Older adults fitted with a cochlear implant to compensate for severe hearing loss have significantly poorer cognitive function than their normal-hearing counterparts, reveals a new study. Hearing loss is a risk factor for cognitive decline and dementia, so this new finding suggests cochlear implants cannot fully compensate for this deterioration in brain function. Publishing in Frontiers in Neuroscience, the study authors suggest that rehabilitation should be adjusted to the cognitive profile of the cochlear implant patient. Moreover, further long-term studies are vital for determining the impact of cochlear implants on cognition and its decline.
"Even when we took differences such as age, sex and education level into account, elderly adults fitted with a cochlear implant performed significantly lower in a cognitive function test than those with normal hearing," says Dr Annes Claes, who carried out this research at the Department of Otorhinolaryngology, Antwerp University Hospital, Belgium.
Professor Griet Mertens, who coordinates the cognitive hearing project at the Antwerp University Hospital continues, "Cochlear implants may have a positive effect on the cognitive functions of these patients. Nevertheless, our results point out that cochlear implant recipients do not align with their normal-hearing peers in the longer-term after cochlear implantation."
Hearing loss is a risk factor for accelerated cognitive decline and dementia in older adults. As age-related hearing loss is very common in the aging population, it means a lot of older people are at risk of brain-function decline. Moreover, the more severe the hearing loss, the higher the risk for dementia. This has stimulated research into whether treating hearing loss by means of hearing aids or cochlear implants could improve cognition in older adults.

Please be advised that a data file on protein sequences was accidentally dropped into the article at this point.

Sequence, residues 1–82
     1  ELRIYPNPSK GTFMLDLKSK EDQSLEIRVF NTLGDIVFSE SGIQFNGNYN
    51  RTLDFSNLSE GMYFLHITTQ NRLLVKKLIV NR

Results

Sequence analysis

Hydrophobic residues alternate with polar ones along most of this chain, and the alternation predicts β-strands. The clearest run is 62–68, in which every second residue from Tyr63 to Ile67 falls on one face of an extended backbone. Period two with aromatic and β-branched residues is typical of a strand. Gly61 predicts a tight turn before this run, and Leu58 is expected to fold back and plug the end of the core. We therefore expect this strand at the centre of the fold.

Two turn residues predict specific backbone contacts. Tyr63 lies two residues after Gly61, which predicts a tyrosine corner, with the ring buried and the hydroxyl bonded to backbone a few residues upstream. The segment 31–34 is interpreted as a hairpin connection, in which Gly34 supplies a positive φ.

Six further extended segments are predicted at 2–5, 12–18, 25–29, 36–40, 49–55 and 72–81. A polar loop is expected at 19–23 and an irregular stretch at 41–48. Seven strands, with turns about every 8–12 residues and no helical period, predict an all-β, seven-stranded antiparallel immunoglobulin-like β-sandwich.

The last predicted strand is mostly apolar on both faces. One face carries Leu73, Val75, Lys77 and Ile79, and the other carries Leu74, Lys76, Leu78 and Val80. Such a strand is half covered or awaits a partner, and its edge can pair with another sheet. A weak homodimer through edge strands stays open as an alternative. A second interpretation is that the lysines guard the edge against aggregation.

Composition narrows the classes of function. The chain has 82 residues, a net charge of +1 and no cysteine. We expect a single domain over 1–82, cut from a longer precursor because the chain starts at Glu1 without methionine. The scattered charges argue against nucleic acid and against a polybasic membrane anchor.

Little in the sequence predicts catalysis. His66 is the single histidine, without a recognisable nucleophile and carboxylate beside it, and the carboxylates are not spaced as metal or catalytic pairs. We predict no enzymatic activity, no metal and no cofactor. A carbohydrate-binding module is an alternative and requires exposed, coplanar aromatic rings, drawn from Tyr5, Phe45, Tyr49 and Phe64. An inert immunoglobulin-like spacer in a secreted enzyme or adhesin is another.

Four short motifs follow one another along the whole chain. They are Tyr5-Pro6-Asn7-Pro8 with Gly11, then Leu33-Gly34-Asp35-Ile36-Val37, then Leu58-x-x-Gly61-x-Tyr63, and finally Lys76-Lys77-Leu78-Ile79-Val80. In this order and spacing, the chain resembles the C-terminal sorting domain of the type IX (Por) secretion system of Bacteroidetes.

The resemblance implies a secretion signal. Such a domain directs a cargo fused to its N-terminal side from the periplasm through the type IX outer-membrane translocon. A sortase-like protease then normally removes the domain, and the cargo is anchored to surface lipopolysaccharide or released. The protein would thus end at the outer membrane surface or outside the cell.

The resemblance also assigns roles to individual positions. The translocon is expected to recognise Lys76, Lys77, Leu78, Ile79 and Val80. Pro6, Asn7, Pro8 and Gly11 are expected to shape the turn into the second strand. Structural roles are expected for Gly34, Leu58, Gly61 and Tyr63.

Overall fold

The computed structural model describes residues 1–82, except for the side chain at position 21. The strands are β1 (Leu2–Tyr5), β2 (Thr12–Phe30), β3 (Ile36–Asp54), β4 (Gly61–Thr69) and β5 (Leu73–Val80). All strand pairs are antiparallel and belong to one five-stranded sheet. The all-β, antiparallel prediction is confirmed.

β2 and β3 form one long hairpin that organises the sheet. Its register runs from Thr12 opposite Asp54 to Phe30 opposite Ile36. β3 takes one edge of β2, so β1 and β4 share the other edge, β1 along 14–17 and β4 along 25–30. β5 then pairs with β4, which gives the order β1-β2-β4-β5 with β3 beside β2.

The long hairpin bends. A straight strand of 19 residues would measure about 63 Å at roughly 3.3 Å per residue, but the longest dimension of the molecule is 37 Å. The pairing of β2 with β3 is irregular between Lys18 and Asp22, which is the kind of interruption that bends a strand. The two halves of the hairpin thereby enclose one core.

"The economic and social burden of dementia is enormous and there is currently no cure," explains Professor Dr. Paul Van de Heyning, co-author, also based at Antwerp University Hospital. "The first studies with cochlear implants were promising, indicating an increase in cognition after implantation. However, long-term conclusive information about cochlear implant effects are not yet available, simply because it takes many years to collect these data."
In the current absence of long-term data, Claes and her colleagues devised a study to examine whether severely hearing-impaired individuals fitted with a cochlear implant had age-expected cognitive function. To do this, they compared cochlear implant recipients over the age of 55, who had one or up to eighteen years of experience with the device, to a group of normal-hearing similar-aged adults using a specialized cognitive function test.
Claes explains, "If we used a regular cognitive test, the hearing-impaired individuals would have been at a disadvantage. We developed the RBANS-H test, which provides both auditory and visual information to the recipient, instead of just an auditory presentation."
Their findings from this comparison were quite clear, showing a large difference in the cognitive function of each group. Even after taking differences such as age, sex and education level into account, the elderly adults fitted with cochlear implants performed significantly lower in the cognitive function test.
"More studies are needed to ultimately assess in which way cochlear implants influence the natural cognitive decline. We have some preliminary results from a collaborative multi-center study showing there is a cognitive improvement after cochlear implantation but no normalization. This is in line with our current findings that imply a cochlear implant is not able to keep the older adults with a severe hearing loss at an age-expected level of cognition or to completely restore the level of cognition," says Mertens.
She concludes, "Additional rehabilitation in the long-term after implantation, tailored to the cognitive profile of individuals, may be appropriate for cochlear implant patients."
Please include a link to the original research in your reporting: https://www.frontiersin.org/articles/10.3389/fnins.2018.00580/full
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Frontiers in Neuroscience